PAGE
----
St. Petersburg Collegiate High School represents a partnership between St. Petersburg College and the Pinellas County Schools. The school was made possible through a Charter Schools Program grant to the state of Florida from the Office of Innovation and Improvement.
Resources: Note: The featured program is innovative; however, it does not yet have evidence of effectiveness from a rigorous evaluation.
From the U.S. Department of Education
U.S. Secretary of Education Margaret Spellings convened a meeting of mental-health experts, teachers, and school officials for the first in a series of six roundtable discussions designed to gather information about Hurricane Katrina's impact on displaced students and the schools that are educating them. Secretary Spellings also announced the release of a new booklet, Tips for Helping Students Recovering from Traumatic Events, which provides help for school officials and parents who are dealing with students affected by the hurricane. (Oct. 12)
The National Center for Education Statistics (NCES) has released A Profile of the American High School Senior in 2004: A First Look. This study builds on the Education Longitudinal Study of 2002 that began with a nationally representative sample of 10th graders. The new report summarizes the demographic and educational characteristics of this class, which was in 12th grade in 2004. The report also summarizes the senior cohort's mathematics achievement, their values, and expectations for the future. About 69 percent expected to complete college with a four-year college degree. (Oct. 18)
The Digest of Education Statistics, 2004 has been published with statistical information covering various aspects of education from pre-kindergarten through graduate school. Some topics in the digest include: the number of schools, colleges, teachers, graduates, and libraries; enrollments; and international comparisons. (Oct. 12)
The Local Initiatives Support Corporation (LISC) has provided the Knowledge Is Power Program (KIPP) with a $1 million loan to establish the KIPP Early Stage Revolving Fund, which will help KIPP charter schools build and renovate facilities nationwide. The KIPP charter schools in Houston (TX) will be the first schools to receive funds. (Oct. 18)
Dr. Earl Wiman, principal of Alexander Elementary School in Tennessee, has been selected to represent his state as a National Distinguished Principal. Dr. Wiman's school participates in the OII-directed Magnet Schools Assistance Program in Jackson-Madison County. The U.S. Department of Education and the National Association of Elementary School Principals sponsor the National Distinguished Principals Program. To be chosen for the recognition, principals had to meet several criteria. For example, they must have respect from students, faculty, and parents, and they must have demonstrated strong leadership and how that leadership benefited the curriculum. (Oct. 12)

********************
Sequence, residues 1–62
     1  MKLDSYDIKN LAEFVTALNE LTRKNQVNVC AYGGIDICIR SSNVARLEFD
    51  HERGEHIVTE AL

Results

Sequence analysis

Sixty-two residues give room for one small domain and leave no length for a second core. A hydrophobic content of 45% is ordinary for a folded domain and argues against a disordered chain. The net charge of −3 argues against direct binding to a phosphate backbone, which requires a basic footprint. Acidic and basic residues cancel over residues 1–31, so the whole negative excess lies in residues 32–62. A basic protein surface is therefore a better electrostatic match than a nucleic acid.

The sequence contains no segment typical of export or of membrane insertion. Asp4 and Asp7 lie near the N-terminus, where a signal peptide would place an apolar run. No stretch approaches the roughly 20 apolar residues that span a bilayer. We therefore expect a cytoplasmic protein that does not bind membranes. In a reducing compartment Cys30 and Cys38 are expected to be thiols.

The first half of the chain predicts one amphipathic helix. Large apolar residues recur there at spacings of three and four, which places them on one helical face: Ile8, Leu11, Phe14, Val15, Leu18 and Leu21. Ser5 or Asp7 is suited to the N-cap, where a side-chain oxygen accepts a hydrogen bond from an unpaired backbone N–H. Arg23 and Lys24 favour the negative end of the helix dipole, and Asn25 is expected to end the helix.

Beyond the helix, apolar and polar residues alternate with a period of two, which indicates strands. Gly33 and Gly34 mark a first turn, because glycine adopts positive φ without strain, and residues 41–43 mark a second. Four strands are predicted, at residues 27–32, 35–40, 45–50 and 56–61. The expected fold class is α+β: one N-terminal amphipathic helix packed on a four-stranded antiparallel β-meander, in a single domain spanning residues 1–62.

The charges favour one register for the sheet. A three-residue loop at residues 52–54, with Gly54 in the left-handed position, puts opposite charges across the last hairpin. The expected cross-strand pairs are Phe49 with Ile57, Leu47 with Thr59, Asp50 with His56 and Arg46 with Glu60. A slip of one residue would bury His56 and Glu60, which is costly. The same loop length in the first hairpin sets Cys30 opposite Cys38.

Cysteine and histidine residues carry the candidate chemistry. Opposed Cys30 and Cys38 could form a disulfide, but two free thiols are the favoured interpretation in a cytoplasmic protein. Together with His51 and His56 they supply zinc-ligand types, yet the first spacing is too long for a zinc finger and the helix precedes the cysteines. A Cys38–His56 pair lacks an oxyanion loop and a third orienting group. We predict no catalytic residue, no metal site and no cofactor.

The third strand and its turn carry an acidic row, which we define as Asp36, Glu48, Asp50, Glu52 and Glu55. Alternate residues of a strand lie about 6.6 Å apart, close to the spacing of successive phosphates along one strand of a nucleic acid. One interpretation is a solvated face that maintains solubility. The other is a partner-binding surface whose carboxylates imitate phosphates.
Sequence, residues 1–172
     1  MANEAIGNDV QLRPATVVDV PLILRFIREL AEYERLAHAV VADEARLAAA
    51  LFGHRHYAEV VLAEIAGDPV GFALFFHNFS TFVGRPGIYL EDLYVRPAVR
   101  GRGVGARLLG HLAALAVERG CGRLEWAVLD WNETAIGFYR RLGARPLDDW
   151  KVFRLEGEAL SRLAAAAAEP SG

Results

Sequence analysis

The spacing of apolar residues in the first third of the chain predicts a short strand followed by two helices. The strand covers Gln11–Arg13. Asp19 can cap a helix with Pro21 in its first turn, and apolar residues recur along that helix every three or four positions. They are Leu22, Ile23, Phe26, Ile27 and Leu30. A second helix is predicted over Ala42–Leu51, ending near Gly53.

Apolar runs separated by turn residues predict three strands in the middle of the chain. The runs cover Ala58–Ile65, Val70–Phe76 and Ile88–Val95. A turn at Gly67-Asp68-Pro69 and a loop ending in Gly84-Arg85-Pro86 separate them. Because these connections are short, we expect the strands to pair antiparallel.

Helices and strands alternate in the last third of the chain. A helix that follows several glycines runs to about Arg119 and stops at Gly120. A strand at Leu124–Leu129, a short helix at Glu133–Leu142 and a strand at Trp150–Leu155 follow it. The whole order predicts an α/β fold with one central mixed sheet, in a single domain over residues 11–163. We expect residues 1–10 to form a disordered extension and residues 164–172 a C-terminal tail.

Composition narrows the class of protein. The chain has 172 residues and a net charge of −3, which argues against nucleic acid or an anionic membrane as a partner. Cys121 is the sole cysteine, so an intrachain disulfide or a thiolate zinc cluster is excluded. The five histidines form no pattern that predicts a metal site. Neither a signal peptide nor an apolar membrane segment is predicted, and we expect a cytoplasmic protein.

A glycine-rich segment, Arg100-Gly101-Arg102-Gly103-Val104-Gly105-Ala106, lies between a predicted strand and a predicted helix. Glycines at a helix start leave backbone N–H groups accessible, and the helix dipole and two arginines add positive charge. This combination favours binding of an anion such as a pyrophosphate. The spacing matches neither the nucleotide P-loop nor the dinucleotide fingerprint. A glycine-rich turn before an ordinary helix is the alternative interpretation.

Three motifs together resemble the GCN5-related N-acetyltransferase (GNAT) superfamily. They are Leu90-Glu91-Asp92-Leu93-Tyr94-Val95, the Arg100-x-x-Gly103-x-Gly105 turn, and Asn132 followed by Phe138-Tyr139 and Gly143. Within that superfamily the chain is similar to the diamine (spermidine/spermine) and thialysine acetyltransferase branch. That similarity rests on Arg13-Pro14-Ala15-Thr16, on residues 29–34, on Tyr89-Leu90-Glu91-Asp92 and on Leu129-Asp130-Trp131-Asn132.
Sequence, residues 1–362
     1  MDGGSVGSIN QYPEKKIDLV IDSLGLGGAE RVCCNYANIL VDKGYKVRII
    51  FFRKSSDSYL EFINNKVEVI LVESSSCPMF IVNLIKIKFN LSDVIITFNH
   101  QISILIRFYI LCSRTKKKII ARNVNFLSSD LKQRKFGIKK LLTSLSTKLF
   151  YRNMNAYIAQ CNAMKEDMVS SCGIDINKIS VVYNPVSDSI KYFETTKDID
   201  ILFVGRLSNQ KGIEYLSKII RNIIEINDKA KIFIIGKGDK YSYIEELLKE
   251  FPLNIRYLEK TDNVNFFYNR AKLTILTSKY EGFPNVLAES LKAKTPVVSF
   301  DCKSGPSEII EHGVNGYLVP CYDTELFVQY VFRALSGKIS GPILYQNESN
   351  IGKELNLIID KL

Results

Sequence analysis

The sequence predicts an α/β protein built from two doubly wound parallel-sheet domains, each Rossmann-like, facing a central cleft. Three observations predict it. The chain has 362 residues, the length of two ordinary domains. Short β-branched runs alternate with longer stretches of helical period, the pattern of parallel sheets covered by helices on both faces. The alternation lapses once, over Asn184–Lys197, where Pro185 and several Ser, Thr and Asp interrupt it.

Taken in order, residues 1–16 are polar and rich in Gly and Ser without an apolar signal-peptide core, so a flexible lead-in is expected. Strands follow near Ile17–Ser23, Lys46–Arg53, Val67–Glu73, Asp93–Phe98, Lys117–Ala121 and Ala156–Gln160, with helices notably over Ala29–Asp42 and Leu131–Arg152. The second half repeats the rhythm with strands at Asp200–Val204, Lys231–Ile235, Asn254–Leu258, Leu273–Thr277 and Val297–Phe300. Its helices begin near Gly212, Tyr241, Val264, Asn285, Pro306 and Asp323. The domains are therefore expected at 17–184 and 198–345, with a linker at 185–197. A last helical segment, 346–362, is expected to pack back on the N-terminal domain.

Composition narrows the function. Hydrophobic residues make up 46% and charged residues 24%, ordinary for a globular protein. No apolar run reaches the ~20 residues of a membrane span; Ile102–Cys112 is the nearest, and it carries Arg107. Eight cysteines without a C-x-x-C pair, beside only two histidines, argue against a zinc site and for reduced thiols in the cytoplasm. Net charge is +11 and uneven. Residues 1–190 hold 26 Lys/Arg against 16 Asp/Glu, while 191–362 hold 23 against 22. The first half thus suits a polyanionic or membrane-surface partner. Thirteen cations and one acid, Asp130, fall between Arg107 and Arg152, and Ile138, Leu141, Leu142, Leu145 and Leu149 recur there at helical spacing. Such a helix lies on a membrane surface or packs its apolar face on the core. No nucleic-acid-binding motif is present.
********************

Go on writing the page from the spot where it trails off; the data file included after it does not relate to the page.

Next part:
On October 11, the Concord Consortium, a nonprofit educational research and development organization, held a forum and exhibition addressing the challenges and future of science education in this country. Among the presenters were Robert Tinker, founder and president of the Concord Consortium, and Leon Lederman, Nobel Laureate in physics, director emeritus of Fermilab, and resident scholar at the Illinois Math Science Academy. The forum featured examples from the Consortium's research, developed with funding from the National Science Foundation and the U.S. Department of Education. (Oct. 11)
Quantum Tutors (see Innovator, Aug. 29) is one of the tools that the Middle School Achievement Technology-Rich Interventions (MATRIX) Project will use to deliver after school tutoring to middle school students under a recently awarded Star Schools grant from OII. Quantum Simulations, Inc., the developer of the "Tutors" artificial intelligence assessment and software, also has completed its six-month $100,000 research project funded by the National Eye Institute, a division of the National Institutes of Health. Quantum's artificial intelligence program for chemistry has been certified by the National Federation of the Blind's (NFB) Nonvisual Accessibility Web Application Certification Program. (Oct. 5)
Innovations in the News
Middle school students paint, dance, and sing their way toward success at the Cleveland School's multi-faceted arts program in Chicago. Despite a tight budget, the school's principal has maintained a rigorous commitment to arts education. Performing hip-hop routines and creating replicas of famous artwork are just a few of the projects completed by Cleveland School students. [More-Chicago Sun-Times] (Oct. 11)